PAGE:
Implementation of Chopped-Fiber Composite Material as Hot-Gas Nozzle Insulation

Download Full-Text PDF Cite this Publication

Text Only Version

Implementation of Chopped-Fiber Composite Material as Hot-Gas Nozzle Insulation

Implementation of Chopped-Fiber Composite Material as Hot-Gas Nozzle Insulation

Hossam KAMAL

Lecturer of mechanical engineering Obour Institutes

Belbis, Egypt

Ossama Kamal MAHMOUD Lecturer of mechanical engineering

Egyptian Academy for Engineering and Advanced Technology

Cairo, Egypt

Abdel-Nasser ZAYED Professor of mechanical engineering

Cairo, Egypt

Abstract This work represents a complete practical project for the thermal insulation of hot-gas nozzles using chopped fiber composites. It starts with the selection of the insulation material from the available on-the-shelf material combinations, where four materials are available and it is required which one should be used. This is done using mechanical and thermal characterization of materials. Then, a computational work is performed to determine the working conditions of the nozzle by solving the nozzle flow. Another computational work is done to optimize the insulation thickness using finite element thermo- structural analysis. After that, the nozzle prototype is manufactured with thermal probe-holes to verify the calculations.

Keywords Chopped Fiber, Thermal Insulation, Hot-Gas Nozzle


    Hot-gas nozzles have many applications in our life; hot-gas welding, furnaces, rocket motors, etc. One of their problems is the insulation of the nozzle structure from the gas side as the they work in sever conditions for normal metallic materials including high temperature, pressure and gas velocity. Thermal insulation represents a suitable feasible solution for these working conditions. Composite materials are ideal for thermal insulation and chopped-fiber composites have an additional feature of easy manufacturing on complex shapes.

    The mechanical properties of short fiber studied by Blumentritt et al. [1] showed that the modulus of the composite is proportional to the fiber concentration and modulus of the fiber. Zhu et al. [2] proved that the reinforcement morphology had an effect on the mechanical properties of the short fiber composites. They reinforced bone shaped short fibers instead of the normal fibers which showed a significant improvement in the yielding strength and youngs modulus with an effective crack bridging. Jacob et al. [3] studied the effect of fiber length on the energy absorption of the carbon fiber composite, and concluded that shorter fiber lengths leads to higher specific energy absorptions. Garoushi et al. [4] conducted various studies on fiber lengths varying form 1mm-6mm, and reported that the fiber length of 5mm demonstrated good mechanical properties for the resin used. These studies showed an improvement in mechanical properties with an increase in fiber volume fraction. From these studies [2-4] it is clear that the fiber length and fiber volume fraction are critical parameters in determining the properties of the composite. When compared to continuous fibers reinforced composites, short fibers reinforced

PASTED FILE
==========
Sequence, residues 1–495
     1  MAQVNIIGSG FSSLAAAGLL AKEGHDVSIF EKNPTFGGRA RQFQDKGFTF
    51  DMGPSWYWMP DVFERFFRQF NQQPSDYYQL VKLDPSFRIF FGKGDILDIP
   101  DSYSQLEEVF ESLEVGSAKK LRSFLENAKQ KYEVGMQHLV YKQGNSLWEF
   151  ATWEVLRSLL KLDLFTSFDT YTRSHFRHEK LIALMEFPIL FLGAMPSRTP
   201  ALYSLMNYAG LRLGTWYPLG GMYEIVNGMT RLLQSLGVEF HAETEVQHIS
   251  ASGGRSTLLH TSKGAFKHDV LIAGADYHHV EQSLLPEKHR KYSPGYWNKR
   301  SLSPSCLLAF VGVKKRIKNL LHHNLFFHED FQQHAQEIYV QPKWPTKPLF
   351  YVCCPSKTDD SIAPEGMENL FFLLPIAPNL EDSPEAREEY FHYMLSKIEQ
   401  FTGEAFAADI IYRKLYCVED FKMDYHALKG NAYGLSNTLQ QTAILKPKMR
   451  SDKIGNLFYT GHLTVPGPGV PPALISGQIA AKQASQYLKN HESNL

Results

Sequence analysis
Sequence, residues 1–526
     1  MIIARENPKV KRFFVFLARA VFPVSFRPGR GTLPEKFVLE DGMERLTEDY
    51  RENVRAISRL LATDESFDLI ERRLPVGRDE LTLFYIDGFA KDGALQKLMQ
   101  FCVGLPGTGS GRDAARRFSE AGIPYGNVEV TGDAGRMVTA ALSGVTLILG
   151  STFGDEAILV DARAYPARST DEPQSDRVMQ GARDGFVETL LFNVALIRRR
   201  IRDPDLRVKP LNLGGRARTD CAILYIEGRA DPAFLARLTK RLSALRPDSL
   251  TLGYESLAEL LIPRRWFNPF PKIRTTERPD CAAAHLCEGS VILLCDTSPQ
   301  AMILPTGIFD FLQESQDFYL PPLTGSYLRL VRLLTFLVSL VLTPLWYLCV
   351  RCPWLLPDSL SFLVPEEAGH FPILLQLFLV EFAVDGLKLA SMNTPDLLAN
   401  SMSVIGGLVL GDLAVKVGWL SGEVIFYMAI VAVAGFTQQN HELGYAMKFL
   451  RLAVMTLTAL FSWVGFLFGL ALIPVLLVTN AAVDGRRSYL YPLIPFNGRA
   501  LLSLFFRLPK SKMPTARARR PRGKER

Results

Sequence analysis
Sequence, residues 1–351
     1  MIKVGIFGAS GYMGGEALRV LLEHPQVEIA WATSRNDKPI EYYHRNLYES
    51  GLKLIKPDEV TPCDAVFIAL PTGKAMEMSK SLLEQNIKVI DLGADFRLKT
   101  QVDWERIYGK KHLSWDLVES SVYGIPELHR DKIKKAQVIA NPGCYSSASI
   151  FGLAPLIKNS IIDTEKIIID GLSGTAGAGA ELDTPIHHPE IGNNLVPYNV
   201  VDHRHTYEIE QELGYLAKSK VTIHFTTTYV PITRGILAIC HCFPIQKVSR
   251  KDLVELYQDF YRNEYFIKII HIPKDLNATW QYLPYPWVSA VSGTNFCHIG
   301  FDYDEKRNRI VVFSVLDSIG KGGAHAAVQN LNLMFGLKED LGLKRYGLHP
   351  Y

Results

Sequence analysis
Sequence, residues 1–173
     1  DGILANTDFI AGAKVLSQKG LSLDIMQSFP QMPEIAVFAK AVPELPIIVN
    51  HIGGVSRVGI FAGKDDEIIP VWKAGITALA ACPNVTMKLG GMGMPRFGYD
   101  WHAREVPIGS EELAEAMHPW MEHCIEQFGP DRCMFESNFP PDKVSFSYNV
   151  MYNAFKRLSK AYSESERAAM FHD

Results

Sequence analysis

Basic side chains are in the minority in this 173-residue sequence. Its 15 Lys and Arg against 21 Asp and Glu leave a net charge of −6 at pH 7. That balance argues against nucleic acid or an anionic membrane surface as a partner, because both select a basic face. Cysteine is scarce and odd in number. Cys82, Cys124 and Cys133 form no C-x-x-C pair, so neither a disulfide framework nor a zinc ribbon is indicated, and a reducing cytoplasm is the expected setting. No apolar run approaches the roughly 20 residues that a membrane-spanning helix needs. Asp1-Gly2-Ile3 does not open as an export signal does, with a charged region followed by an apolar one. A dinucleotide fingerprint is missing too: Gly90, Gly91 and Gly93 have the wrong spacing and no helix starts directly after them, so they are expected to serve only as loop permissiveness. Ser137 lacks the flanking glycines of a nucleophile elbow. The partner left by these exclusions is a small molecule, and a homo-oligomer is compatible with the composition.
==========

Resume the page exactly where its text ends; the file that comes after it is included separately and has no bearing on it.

composites can be easily processed with affordable cost. The most important factors in the short fibers reinforcement are fiber dispersion and fiber aspect ratio. The homogeneous fiber dispersion is the most important factor to enhance the mechanical properties.

    Chopped-fiber composites have excellent thermal properties and easily formed on complex shapes. There are a lot of literatures from early 50s of last century. Warja [5] introduced the Aerojet-General Corporation evaluation program on behalf of US Air Force and NASA to develop reinforced ablative composite solid rocket nozzles through the use of inexpensive materials and low-cost fabricating techniques. In that program eight materials were evaluated and it was concluded that the best results can be achieved by using carbon or graphite reinforce inserts in the throat section. In the same line, Winya et al. [6] studied the ablation, mechanical and thermal properties of a rocket motor insulation made of phenolic/ fiber matrix composites. They studied the heat and corrosion properties of phenolic/ fiber matrix laminate with different fiber between fiberglass and locally available synthetic fibers and suggested the use of phenolic/synthetic fiber composite as reinforcement in a composite may improve the thermal insulation in nozzle of rocket motor. Recently, Nassar and Nassar [7] investigated The effect of addition of fine size from Silicon Carbide (SiC) with different weight percentage on the mechanical, thermal, and physical properties of chopped carbon fiber reinforced epoxy composite. They used SiC and epoxy manufactured in Egypt. They showed that the optimum properties for epoxy composite are obtained for 15 wt.% from fine SiC content in addition to 25 wt.% chopped carbon fiber-reinforced epoxy composites.